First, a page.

I am going to try to pick up my blogging again and perhaps speed it up, Lord willing. I plan to do more personal things on Facebook (where my activity has picked up) but more academic/technical things on our-hope.org. I have been asked to speak at the Pre-Trib Study Group this coming December giving an analysis of Sam Storms’ book Kingdom Come which I blogged about a few times. I hope to finish my string of blogs in response to Sam’s points which I had started to do. My paper at the Pre-Trib Study Group will be an expansion of the paper I delivered at the Council on Dispensational Hermeneutics last year. I want to be constructive in my criticism and not bombastic in my disagreements. Please pray for me on this.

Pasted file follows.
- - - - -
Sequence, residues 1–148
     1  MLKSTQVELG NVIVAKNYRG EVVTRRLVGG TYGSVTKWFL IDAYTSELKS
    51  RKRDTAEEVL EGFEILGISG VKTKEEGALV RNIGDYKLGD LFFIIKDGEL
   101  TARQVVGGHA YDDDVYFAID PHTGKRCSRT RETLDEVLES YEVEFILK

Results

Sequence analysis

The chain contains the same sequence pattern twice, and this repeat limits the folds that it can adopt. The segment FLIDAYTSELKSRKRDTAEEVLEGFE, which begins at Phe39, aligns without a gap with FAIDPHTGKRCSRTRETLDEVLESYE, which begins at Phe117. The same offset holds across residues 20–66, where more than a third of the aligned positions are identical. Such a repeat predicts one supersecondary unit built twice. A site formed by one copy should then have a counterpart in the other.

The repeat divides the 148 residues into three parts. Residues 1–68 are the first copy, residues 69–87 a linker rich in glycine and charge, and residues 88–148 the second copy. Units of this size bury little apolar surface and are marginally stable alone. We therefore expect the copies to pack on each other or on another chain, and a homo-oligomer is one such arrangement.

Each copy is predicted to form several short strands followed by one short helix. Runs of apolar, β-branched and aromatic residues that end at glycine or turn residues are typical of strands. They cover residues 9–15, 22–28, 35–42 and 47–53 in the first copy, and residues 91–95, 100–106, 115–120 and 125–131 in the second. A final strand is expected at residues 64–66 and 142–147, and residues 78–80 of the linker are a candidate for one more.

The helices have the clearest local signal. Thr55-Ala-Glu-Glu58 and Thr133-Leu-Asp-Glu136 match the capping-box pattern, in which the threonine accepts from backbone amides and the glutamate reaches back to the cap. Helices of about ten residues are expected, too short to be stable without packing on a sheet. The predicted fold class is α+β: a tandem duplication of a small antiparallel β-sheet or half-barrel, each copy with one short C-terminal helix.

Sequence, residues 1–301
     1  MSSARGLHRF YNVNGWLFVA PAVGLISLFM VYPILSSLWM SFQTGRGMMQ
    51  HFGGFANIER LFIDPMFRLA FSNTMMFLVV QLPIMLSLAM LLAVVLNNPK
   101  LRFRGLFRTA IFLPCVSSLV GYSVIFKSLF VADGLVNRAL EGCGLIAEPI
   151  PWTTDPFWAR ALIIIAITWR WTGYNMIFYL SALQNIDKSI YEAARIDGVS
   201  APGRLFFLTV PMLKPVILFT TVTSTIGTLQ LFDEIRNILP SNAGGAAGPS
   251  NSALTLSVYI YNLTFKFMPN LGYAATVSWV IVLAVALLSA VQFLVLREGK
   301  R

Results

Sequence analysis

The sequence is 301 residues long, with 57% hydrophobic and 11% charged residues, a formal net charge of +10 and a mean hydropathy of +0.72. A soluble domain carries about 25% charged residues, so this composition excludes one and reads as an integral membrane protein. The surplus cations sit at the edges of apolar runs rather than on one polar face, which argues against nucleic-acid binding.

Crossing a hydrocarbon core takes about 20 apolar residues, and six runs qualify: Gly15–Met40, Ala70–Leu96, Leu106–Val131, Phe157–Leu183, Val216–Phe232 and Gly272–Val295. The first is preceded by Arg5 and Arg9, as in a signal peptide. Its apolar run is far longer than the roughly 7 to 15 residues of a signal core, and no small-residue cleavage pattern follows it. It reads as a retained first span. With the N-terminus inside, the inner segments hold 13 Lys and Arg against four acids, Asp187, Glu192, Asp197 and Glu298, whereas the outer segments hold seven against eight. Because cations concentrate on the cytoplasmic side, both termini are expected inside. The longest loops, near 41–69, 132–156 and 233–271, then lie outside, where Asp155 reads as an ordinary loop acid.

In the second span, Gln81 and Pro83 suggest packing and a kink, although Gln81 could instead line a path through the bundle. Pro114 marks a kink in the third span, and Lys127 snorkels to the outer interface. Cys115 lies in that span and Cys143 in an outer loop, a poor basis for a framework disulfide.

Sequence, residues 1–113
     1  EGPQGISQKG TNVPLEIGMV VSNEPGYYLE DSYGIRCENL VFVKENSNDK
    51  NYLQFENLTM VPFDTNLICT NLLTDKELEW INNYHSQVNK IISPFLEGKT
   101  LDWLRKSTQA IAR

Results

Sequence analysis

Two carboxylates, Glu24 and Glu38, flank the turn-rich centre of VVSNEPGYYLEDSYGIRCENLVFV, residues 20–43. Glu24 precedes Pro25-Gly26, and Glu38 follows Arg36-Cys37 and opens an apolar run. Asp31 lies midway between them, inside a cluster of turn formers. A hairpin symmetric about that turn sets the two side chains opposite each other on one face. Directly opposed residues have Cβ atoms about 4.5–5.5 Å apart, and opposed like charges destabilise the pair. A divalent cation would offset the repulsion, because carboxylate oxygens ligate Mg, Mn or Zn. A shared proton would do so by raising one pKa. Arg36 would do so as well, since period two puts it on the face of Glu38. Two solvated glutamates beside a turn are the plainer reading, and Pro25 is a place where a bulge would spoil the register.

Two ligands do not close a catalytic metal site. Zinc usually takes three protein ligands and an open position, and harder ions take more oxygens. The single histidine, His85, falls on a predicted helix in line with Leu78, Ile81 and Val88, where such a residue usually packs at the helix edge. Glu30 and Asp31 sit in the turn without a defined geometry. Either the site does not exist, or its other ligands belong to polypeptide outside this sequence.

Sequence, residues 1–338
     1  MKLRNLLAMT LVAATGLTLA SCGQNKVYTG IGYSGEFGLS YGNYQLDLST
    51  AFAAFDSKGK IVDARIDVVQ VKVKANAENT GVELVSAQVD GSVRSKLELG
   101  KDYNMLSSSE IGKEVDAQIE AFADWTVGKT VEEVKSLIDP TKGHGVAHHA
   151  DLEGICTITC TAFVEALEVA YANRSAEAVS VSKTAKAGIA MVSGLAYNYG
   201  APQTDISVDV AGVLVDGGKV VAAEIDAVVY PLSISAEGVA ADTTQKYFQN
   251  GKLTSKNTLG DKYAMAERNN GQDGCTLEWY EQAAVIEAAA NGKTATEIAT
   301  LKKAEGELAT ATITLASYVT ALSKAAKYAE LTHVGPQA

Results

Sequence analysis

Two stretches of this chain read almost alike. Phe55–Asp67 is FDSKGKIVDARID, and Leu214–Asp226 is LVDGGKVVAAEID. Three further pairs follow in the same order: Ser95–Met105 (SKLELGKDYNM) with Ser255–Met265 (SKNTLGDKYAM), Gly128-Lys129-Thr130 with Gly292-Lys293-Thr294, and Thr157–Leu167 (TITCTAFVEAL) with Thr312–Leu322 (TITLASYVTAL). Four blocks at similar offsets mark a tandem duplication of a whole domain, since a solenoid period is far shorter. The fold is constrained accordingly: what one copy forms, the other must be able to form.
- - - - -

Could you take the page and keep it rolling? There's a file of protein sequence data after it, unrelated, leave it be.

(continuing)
For this blog post, however, my main thought goes ahead to the upcoming Council meeting in September which I advertised in my last blog. My presentation is entitled “What Do Israel and the Church Share from a Traditional Dispensational Viewpoint?” I want to help traditional dispensationalists do a full-blown theology and not just hammer the distinction between Israel and the Church (which I firmly accept) as a matter of polemics in our debate with replacement theology. In doing this, one area that gives me pause is the constant use by dispensationalists of the distinction between Israel and the Church as a theological switch that provides proof for the pre-trib rapture. This argument would be more plausible if the distinction has been proven to be absolute on other grounds before we get to the rapture question. To be sure, some dispensationalists in the tradition have argued for a pretty absolute distinction by keeping the Church out of the future earthly kingdom. In addition, Lewis Sperry Chafer’s view of two distinct new covenants was at least partly caused by his desire to make the Israel-Church dichotomy more absolute. As to the idea that the Church as a heavenly elect will have no part in the future earthly kingdom, this seems to be countered by Luke 19:11-27 and like passages. As to the idea of two new covenants, very few dispensationalists today hold such a view. The book I edited entitled “Dispensational Understanding of the New Covenant” shows three views defended, none of which are the two new covenants view. No one showed up to defend this view at the Council when we discussed it.